A different approach to narrative methods is found within qualitative case studies (Costantino & Greene, 2003). Here, stories are used to understand context, culture, and participants’ experiences in relation to program activities and outcomes. As with most case studies, this method can require site visits, review of documents, participant observation, and persona. The authors changed their original practice of summarizing stories to include verbatim transcripts, some of which contained interwoven mini stories. In this way they were able to portray a much richer picture of the program (itself an intergenerational storytelling program) and of relationships among participants and staff, and they were able to use stories as a significant part of the reported data.

Nelson (1998) describes a similar approach that uses both individual and group storytelling in evaluating youth development and risk prevention programs.

Narratives Linked to a Theory of Change

The previous uses of narrative emphasize inquiry more than OD perspectives. Appreciative inquiry (AI) represents the opposite emphasis, although it relies heavily on data collection and analysis (Barrett & Fry, 2002). The AI method evolved over time within the OD field as a form of inquiry designed to identify potential for innovation and motivation in organizational groups. AI is an attempt to move away from deficit and problem-solving orientations common to most evaluation and OD work and move toward “peak positive experiences” that occur within organizations. AI uses explicitly collaborative interviewing and narrative methods in its effort to draw on the power of social constructionism to shape the future. AI is based on social constructionism’s concept that what you look for is what you will find, and where you think you are going is where you will end up.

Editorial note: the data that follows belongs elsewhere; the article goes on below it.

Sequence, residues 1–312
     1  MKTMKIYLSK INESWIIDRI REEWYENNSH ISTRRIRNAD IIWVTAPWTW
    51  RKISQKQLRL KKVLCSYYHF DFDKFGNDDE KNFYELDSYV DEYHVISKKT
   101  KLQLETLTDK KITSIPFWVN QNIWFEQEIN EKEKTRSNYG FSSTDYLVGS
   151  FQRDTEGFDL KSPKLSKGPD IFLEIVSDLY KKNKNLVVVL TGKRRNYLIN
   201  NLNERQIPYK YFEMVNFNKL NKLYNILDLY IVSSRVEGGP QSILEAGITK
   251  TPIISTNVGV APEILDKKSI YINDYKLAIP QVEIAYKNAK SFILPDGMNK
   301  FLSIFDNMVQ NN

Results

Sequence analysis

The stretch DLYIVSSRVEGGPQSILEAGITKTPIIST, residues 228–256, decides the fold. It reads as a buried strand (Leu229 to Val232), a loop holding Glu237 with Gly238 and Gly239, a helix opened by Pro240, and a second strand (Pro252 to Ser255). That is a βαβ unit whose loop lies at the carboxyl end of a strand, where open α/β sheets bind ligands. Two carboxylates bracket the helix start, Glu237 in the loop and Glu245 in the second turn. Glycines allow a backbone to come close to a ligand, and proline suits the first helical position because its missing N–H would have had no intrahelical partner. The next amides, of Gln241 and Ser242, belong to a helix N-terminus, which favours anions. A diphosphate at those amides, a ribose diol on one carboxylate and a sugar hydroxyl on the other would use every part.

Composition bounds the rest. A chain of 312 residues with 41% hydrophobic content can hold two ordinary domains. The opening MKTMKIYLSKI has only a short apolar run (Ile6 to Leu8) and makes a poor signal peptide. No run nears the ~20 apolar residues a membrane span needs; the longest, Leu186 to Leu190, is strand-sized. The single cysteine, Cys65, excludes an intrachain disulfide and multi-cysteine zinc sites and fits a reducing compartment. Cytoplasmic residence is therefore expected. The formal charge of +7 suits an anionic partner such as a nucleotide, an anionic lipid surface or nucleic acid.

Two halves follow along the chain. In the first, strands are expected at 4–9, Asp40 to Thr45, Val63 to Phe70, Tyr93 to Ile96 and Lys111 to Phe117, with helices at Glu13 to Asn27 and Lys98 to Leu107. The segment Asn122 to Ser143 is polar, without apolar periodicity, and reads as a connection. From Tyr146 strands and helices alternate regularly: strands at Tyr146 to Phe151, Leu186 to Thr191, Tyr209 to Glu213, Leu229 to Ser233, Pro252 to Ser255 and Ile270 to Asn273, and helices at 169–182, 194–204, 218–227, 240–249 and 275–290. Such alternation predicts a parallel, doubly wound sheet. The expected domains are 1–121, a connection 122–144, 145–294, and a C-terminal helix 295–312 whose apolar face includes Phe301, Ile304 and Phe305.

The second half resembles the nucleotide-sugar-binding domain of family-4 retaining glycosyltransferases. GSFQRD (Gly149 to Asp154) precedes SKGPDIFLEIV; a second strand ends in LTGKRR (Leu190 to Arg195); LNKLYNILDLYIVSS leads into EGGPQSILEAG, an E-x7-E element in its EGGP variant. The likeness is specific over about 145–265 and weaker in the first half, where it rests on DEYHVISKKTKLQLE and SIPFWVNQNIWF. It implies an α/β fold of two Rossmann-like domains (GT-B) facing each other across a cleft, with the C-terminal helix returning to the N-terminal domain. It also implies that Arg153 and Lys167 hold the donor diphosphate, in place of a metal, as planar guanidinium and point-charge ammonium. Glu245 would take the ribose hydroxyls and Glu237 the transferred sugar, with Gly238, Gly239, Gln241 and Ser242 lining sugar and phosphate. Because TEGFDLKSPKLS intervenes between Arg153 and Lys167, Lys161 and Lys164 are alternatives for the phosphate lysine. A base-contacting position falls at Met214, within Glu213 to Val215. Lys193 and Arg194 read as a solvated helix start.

The AI approach involves several structured phases of systematic inquiry into peak experiences and their causes, along with creative ideas about how to sustain current valued innovations in the organizational process. Stories are shared among stakeholders as part of the analysis and the process to plan change. AI can include attention to problems and can blend with evaluation that emphasizes accountability, but it is decidedly effective as a means of socially creating provocative innovations that will sustain progress.

This brief overview of narrative methods shows promise for drawing more explicit connections between the fields of program evaluation and OD. In addition, training in the use of narrative methods is one means of integrating the skill sets and goals of each profession to sustain and improve programs.


1. Barrett, F., Fry, R. (2002). Appreciative inquiry in action: The unfolding of a provocative invitation. In R. Fry, F. Barrett, J. Seiling, D. Whitney (Eds.), Appreciative inquiry and organizational transformation: Reports from the field. Westport, CT: Quorum Books.

2. Brinkerhoff, R. O. (2003). The success case method: Find out quickly what’s working and what’s not. Berrett-Koehler Publishers.

3. Costantino, R. D.,Greene, J. C. (2003). Reflections on the use of narrative in evaluation. American Journal of Evaluation, 24(1), 35–49.

4. Dart, J., Davies, R. (2003). A dialogical, story-based evaluation tool: The most significant change technique. American Journal of Evaluation, 24(2), 137–155.

5. Kibel, B. M. (1999). Success stories as hard data: An introduction to results mapping. New York: Kluwer/Plenum.